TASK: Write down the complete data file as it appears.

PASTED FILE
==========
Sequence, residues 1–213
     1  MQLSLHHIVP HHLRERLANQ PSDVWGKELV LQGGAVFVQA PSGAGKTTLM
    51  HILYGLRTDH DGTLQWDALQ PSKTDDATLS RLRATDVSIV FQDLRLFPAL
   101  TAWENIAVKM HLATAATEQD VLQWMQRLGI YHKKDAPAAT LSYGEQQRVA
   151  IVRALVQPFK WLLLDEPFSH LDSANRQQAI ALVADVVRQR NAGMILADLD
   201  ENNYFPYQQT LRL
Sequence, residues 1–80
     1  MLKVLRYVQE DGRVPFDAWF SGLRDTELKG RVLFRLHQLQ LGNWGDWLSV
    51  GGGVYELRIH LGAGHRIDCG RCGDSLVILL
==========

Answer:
Sequence, residues 1–213
     1  MQLSLHHIVP HHLRERLANQ PSDVWGKELV LQGGAVFVQA PSGAGKTTLM
    51  HILYGLRTDH DGTLQWDALQ PSKTDDATLS RLRATDVSIV FQDLRLFPAL
   101  TAWENIAVKM HLATAATEQD VLQWMQRLGI YHKKDAPAAT LSYGEQQRVA
   151  IVRALVQPFK WLLLDEPFSH LDSANRQQAI ALVADVVRQR NAGMILADLD
   201  ENNYFPYQQT LRL
Sequence, residues 1–80
     1  MLKVLRYVQE DGRVPFDAWF SGLRDTELKG RVLFRLHQLQ LGNWGDWLSV
    51  GGGVYELRIH LGAGHRIDCG RCGDSLVILL